The Mother 

The Mother

by Gwendolyn Brooks

Abortions will not let you forget.
You remember the children you got that you did not get,
The damp small pulps with a little or with no hair,
The singers and workers that never handled the air.
You will never neglect or beat
Them, or silence or buy with a sweet.
You will never wind up the sucking-thumb
Or scuttle off ghosts that come.
You will never leave them, controlling your luscious sigh,
Return for a snack of them, with gobbling mother-eye.

I have heard in the voices of the wind the voices of my dim killed children.
I have contracted. I have eased
My dim dears at the breasts they could never suck.
I have said, Sweets, if I sinned, if I seized
Your luck
And your lives from your unfinished reach,
If I stole your births and your names,
Your straight baby tears and your games,
Your stilted or lovely loves, your tumults, your marriages, aches, and your deaths,
If I poisoned the beginnings of your breaths,
Believe that even in my deliberateness I was not deliberate.
Though why should I whine,
Whine that the crime was other than mine?—
Since anyhow you are dead.
Or rather, or instead,
You were never made.
But that too, I am afraid,
Is faulty: oh, what shall I say, how is the truth to be said?
You were born, you had body, you died.
It is just that you never giggled or planned or cried.

Believe me, I loved you all.
Believe me, I knew you, though faintly, and I loved, I loved you
All.

Summary of The Mother

  • Popularity of The Mother: This poem was written by Gwendolyn Brooks, an American poet, author, and teacher. ‘The Mother’ is a thought-provoking piece on anti-abortion. The poem speaks about the woes of aborted pregnancies. It also illustrates how abortions leave a psychological and emotional toll on mothers who suffer from remorse and guilt.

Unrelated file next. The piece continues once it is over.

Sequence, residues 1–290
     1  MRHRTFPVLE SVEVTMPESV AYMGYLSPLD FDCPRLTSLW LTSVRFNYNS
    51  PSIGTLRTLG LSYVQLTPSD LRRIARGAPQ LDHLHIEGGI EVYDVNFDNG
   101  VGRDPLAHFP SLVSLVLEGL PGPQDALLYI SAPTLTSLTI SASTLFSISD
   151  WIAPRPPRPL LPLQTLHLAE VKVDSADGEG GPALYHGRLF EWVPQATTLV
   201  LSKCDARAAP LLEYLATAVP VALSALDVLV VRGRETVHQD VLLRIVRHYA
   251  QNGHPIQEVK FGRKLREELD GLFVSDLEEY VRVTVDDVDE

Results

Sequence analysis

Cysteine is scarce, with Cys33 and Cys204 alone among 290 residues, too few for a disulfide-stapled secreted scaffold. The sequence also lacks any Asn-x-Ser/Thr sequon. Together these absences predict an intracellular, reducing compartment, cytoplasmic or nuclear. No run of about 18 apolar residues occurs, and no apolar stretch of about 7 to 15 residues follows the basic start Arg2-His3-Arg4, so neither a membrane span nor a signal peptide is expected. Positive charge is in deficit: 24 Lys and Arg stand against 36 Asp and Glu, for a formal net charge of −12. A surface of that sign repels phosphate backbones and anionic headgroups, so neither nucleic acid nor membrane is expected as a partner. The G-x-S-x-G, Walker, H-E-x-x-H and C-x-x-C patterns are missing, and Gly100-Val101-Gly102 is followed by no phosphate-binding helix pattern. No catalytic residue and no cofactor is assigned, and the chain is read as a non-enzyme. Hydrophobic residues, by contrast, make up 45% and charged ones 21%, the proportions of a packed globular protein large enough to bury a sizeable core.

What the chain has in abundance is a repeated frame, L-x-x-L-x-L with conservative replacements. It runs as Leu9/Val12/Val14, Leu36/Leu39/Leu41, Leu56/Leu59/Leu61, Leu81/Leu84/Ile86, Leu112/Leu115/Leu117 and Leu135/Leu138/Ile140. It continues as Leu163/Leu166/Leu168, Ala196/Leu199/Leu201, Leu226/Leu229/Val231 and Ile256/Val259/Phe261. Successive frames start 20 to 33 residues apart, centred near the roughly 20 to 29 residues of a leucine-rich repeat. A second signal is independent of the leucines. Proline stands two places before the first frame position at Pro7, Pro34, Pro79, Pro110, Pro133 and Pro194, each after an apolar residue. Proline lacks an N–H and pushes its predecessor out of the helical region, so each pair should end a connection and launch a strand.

• “The Mother” As Representative of Sorrow: This poem is an expression of sorrow. The poet reflects upon the sufferings and trauma of mothers after abortions. The poem begins when the speaker addresses the aborted pregnancies as children. She describes her relationship with those aborted children, imagining that she will never beat them, bribe them with candy or silence them. She refers to them as killed children and blames herself for not letting them enjoy the glories of life. To her, through this deadly action, she has stolen their identity, breaths, and every opportunity they could have availed in the world. She silently expresses that women have not deliberately killed them. She directly addresses her unborn children and tells them that she love them: the mother’s emotions and matchless love for her aborted children.
  • Major Themes in “The Mother”: Abortion, sorrow, and regret are the major themes underlined in this poem. The poem presents the sentiments of a mother upon losing her children. Throughout the poem, she imagines how her decision had deprived her unborn children of the worldly bliss. She lists the joys and activities they had missed and makes herself accountable for not letting them taste these opportunities. It is through her confession. She reflects how the memory of those aborted children haunts her. The speaker suggests that we should change our attitude toward this heinous crime and try to fulfill our responsibilities of becoming parents.